Wynne disappointed as New York agrees to bring in Buy American steel rules
The proposed law would force state agencies to buy U.S. iron and steel. The premier said the legislation will impact Ontario businesses, though described it as narrower than an earlier, defeated Buy American proposal
TORONTO—The premier of Ontario says she’s disappointed that New York lawmakers have reached an agreement on legislation that would require state construction projects to use American iron and steel.
Kathleen Wynne says a Buy American deal announced by Governor Andrew Cuomo June 21 will impact Ontario businesses.
Her government lobbied against more sweeping Buy American provisions that had been introduced as part of New York’s budget this spring and Wynne credited Ontario’s advocacy for defeating that proposal.
She says New York’s new Buy American plan is narrower and less punitive than the original, which would have required all state entities to buy from American companies on new purchases worth more than US$100,000.
The new proposal would require state agencies to buy American-made iron and steel for projects like bridges, subways and new state buildings.
Wynne says she will advocate for Ontario to receive an exemption from the policy before it comes into effect, which is set to occur next April.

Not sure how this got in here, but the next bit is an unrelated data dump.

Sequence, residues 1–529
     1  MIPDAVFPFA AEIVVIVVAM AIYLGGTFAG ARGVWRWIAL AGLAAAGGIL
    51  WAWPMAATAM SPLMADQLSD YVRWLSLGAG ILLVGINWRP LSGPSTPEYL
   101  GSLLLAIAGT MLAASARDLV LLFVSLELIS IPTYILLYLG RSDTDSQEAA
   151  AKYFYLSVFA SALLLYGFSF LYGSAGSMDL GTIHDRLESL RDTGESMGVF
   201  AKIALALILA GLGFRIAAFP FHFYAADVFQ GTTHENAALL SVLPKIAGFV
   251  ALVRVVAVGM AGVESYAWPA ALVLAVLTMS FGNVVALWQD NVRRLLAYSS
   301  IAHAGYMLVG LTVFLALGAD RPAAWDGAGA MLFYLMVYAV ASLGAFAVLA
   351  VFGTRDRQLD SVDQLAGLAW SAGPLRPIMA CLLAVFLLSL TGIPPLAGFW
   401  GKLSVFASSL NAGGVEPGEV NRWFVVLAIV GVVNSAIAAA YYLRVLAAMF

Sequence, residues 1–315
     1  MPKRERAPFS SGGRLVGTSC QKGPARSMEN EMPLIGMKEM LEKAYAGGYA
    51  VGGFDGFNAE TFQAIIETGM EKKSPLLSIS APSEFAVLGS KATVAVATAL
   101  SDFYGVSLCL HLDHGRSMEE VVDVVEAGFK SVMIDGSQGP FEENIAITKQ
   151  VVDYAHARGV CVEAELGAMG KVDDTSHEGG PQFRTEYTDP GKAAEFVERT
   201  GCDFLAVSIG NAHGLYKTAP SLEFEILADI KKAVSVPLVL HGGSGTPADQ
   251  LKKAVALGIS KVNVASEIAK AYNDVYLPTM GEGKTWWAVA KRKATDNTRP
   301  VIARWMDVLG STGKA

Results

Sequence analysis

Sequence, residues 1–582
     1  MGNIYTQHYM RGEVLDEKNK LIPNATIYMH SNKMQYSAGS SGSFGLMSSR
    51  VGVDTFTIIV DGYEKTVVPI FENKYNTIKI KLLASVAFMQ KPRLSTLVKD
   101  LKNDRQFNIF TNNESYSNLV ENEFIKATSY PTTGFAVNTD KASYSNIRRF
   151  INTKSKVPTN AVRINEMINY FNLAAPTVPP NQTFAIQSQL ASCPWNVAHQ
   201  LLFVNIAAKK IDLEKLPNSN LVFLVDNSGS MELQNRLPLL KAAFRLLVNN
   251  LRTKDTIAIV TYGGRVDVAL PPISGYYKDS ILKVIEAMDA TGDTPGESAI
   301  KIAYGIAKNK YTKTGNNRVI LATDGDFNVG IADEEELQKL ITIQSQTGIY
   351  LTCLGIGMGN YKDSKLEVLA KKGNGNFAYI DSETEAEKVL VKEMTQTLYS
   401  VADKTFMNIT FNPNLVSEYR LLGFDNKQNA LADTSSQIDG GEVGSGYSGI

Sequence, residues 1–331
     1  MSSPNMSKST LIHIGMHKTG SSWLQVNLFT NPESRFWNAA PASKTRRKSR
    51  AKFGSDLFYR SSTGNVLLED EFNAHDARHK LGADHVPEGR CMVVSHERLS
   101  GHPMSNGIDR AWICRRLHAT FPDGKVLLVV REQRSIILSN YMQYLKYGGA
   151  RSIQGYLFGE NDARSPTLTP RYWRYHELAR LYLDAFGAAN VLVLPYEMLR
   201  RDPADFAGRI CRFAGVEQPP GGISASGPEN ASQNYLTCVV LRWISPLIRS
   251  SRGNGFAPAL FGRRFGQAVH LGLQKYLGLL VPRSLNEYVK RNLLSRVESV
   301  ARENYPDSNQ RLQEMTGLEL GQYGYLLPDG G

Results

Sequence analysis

In the meantime, Wynne says she is ready to respond to New York, or any state that restricts Ontario companies from bidding on government projects. Her cabinet has prepared legislation that would allow the government to restrict non-Ontario firms from bidding on public projects.
“I will continue to stand up for the people of Ontario, any time and every time Buy American policies are being considered or implemented in states that do business with our province,” she said.
Wynne commented on New York’s Buy American deal Wednesday after meeting with Governor of Georgia Nathan Deal in Atlanta.
She lauded Ontario’s trade relationship with that state, particularly in the auto and film industries.
Wynne has been increasingly vocal about her concerns over signs of growing protectionism in the U.S. and has met with more than a dozen state governors to encourage trade with Ontario.
—with files from The Associated Press